Lord Wolfson, the CEO of Next Plc, a fashion retailer, made a profound comment when he gave a trading update when the lockdowns were first enacted in March.
"People do not buy a new outfit to stay at home."
With working from home continuing (all governments are encouraging those who can work from home to continue, even as they re-open shops, bars and cinemas, in order to reduce crowds on public transport), any shop that sells officewear or party wear is going to get clobbered.
Why spend on a new suit when you are going to be working from your spare room (or even your bedroom)?
You are more likely to invest in loose tracksuits, comfy cotton T-shirts and sweats, and maybe extra pyjamas.
Fast fashion outlets like Zara are likely to suffer, even as economies partially re-open. Whereas outlets like Marks and Spencers, which sell indispensable items like underwear, sleepwear, sportswear and shorts should do better.
Anyone selling jeans will suffer - whereas those selling trousers with elasticated waistbands will thrive. Cozy clothes are in, restrictive clothes are out.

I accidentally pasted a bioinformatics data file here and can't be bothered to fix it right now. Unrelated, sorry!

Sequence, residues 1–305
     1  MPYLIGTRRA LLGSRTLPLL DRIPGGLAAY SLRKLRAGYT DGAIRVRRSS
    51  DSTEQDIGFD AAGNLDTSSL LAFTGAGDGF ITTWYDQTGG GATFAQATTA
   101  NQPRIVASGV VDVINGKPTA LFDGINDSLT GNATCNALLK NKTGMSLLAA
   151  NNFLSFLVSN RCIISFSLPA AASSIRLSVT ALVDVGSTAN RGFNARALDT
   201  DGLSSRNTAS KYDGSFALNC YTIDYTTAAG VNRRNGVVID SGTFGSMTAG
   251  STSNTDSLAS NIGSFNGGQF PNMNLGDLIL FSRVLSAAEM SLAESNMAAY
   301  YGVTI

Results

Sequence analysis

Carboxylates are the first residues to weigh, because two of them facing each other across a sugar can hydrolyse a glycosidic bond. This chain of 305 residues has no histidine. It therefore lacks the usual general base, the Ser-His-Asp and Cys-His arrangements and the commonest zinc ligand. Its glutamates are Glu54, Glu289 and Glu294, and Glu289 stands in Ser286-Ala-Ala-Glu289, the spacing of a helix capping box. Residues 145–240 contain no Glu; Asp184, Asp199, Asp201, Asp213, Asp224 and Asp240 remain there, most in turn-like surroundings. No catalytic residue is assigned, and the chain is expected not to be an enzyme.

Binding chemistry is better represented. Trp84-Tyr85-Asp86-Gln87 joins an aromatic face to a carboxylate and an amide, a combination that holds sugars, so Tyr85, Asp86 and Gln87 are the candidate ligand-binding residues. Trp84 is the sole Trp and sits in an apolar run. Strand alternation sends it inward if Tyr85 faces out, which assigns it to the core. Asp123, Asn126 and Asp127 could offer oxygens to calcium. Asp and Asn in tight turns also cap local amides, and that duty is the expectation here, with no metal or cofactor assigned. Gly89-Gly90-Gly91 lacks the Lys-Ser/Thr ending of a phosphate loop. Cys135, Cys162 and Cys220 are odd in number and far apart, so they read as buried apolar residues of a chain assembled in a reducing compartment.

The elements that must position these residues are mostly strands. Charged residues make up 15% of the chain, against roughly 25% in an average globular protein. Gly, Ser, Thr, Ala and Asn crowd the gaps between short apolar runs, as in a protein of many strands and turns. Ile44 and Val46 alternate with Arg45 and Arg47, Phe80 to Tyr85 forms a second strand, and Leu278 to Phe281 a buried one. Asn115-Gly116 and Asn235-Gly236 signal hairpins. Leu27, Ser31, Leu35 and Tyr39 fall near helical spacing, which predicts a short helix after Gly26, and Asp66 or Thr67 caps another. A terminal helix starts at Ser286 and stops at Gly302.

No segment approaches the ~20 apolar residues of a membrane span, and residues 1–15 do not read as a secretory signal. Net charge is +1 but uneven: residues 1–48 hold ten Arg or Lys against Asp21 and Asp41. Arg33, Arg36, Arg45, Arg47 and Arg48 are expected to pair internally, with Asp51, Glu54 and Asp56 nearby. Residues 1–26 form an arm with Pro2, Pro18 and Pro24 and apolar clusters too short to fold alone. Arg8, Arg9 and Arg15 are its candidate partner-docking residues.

Those who have to do meetings on Zoom or Microsoft Teams will still want their top halves looking respectable - so a nice shirt, or blouse worn with a bra if you are a woman. But you don't need the suit trousers or office skirt.
And you don't need the expensive shoes or heels. So shoe shops will suffer, as will brands like Nike. Why drop hundreds of pounds on a branded shoe that no-one will see, when you just need slippers at home?
Covid-19 is going to have a profound effect on the clothing sector. Any retailer that has built their business on supplying officer workers or party goers will suffer. Those who have focused on comfy leisurewear will survive.